Look at the analytics for your site and you’ll see that most of your traffic comes not from bookmarks or referrals, but from search engines. Increasing that traffic is crucial, and is the heart of search engine optimization (SEO).
When adopting video SEO as a strategy to increase traffic to a website, those implementing the strategy have several issues they need to be aware of: the content being offered, the video’s ranking on the search engines, and the overall goal of the strategy. But there are also areas that have to be addressed. These include best practices for implementing video SEO, as well as challenges and pitfalls to avoid in order for the video to attract the largest number of viewers to a website, which is a video’s ultimate measure of success.
Of course SEO video is an outgrowth of SEO, says Tom Wilde, the CEO of Ramp. He stressed that for the use of SEO video to be successful, it is important to understand SEO basics. SEO depends on “two big buckets of effort,” he says. The first bucket would be on-site optimization, which is a website’s “content and links pointing at each other.” The second is off-site optimization that is fueled by Google, Bing, Yahoo, or any of the search engines that examine content beyond how many links point to it, he says. An example of this is how Google mines a webpage to determine the “aboutness” of the webpage’s content, he says.
Search engines employ a few approaches to understand the aboutness of a webpage, or of particular content on a webpage, Wilde says. It looks at the words in the webpage’s URL, as well as the webpage’s title, the body of content, and the links out from, and into, a webpage. “It associates all those things together to try and come up with the best guess as to what a webpage is about,” he says. The search engines do that to try to understand “what is the best piece of content to put in front of a user.”
It Starts With the Content
The key to attracting viewers to a website using a video starts “with great content,” says Richard Glosser, president of Hilltop Digital, a consulting firm that helps companies with digital growth strategies. The video has to be “produced well,” as well as be contextual and relevant, he says. If the video does not contain those elements, it will be not be of interest to anyone, he added.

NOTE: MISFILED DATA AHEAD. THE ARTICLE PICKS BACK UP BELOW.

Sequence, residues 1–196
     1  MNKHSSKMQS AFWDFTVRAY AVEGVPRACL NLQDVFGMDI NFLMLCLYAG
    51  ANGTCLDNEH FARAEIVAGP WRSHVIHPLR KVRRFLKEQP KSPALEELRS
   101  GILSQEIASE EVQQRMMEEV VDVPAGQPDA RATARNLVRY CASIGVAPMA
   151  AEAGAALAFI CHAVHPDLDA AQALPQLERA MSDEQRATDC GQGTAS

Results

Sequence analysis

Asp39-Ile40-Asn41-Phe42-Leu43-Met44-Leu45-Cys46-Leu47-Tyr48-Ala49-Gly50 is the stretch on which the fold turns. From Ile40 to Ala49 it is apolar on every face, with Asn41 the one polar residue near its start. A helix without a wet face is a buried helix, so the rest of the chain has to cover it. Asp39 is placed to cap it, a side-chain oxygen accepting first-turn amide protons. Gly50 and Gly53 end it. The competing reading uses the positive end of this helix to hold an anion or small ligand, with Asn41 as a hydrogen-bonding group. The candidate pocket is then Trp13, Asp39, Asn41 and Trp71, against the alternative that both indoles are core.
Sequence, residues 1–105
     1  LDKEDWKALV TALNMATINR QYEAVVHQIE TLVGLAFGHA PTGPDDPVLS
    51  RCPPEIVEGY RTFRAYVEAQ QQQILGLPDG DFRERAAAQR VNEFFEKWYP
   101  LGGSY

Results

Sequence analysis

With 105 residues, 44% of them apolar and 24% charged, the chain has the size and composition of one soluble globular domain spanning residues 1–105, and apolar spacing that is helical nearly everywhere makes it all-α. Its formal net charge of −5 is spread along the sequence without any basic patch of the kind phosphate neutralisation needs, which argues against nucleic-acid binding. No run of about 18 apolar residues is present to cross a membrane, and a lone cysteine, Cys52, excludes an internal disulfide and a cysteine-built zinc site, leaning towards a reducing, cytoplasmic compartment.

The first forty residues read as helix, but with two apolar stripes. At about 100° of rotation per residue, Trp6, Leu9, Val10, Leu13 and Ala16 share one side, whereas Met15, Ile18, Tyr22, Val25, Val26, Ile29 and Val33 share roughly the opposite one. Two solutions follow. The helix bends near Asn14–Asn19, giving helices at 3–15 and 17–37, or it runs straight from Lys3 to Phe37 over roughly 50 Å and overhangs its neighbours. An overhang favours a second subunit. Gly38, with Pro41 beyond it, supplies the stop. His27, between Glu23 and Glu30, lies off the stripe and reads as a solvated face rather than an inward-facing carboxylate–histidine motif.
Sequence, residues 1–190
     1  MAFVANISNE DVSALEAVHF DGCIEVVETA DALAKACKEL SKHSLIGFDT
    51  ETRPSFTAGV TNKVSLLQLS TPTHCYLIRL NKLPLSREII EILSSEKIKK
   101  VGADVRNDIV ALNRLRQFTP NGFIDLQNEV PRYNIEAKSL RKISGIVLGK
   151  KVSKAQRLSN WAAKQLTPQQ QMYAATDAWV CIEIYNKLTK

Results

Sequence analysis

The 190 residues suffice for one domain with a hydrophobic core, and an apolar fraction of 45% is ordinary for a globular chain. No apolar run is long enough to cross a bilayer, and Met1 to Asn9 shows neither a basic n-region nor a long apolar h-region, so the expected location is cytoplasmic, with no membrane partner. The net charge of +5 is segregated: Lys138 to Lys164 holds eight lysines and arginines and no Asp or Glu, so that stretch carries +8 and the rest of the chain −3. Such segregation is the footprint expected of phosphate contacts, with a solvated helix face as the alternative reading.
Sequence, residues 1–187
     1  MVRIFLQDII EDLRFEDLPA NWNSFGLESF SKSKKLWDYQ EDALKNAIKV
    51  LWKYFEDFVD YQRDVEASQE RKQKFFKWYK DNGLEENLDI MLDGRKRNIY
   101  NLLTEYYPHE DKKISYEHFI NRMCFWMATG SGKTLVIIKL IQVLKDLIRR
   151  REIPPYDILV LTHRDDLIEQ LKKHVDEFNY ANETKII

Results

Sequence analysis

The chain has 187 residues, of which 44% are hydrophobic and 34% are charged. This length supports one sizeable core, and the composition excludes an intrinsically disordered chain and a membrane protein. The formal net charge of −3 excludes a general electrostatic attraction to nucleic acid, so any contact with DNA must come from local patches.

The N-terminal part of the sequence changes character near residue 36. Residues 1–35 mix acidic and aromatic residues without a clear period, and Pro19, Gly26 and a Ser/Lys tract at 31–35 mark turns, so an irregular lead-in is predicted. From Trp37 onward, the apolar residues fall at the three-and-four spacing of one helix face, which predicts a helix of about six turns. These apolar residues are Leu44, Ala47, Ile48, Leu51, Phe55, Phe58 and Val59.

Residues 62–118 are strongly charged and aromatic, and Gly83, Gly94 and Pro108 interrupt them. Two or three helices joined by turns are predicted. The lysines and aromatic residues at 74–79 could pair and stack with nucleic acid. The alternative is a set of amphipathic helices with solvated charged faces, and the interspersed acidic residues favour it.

Sharing Glosser’s opinion for the need for quality content is Aaron Aders, the market research director for DigitalRelevance, which is headquartered in Indianapolis. When it comes to content, the video should provide value to the target audience, according to Aders. But a video should be entertaining as well as educational, and it should increase not only the amount of views by the originally sought after audience, but also grow in views by being shared among that audience, he added.
With that in mind, those who deploy video SEO need to determine what the overall goal is for any specific piece of content, and ensure their technical and creative strategies match up with that goal, says Phil Nottingham, a consultant for Distilled, an international marketing and SEO firm. “Ultimately with video SEO, goals are best served when individually targeted with a specific piece of content, rather than trying to make a single piece of content match up to loads of business and marketing goals,” he says.
Making the most from implementing an online video strategy is Keiser University, an academic institution that is a client of Vertical Measures, an SEO company based in Phoenix. Keiser has campuses peppered throughout Florida, with its College of Golf located in Port St. Lucie. In order to get a jump on the competition in regards to attracting potential students, the college has been posting videos on YouTube, says Paul Zagnoni, a managing partner with the school.
The reason Keiser uses video SEO to promote the golf college is that in golf, there are a lot of videos — such as instructional videos. The administration realized that videos are valuable assets that can be used to inform potential students about what Keiser has to offer, says Zagnoni. That video effort “has been very successful,” he added.
The university’s strategy has been to provide content that students of golf would be interested in, he says. The videos are produced in-house using a microphone and a mid-level camera, Zagnoni says. “That’s what’s good about YouTube; the video’s aren’t expected to be professional productions,” he says.
There are a lot of golfing schools out there, but there are only a handful of golf colleges that Keiser competes with, and those schools are very active online. Therefore the video strategy the college has implemented is to provide a lot of golf tips with faculty and instructors. “Viewers seem to like those because it is a free golf tip,” he says.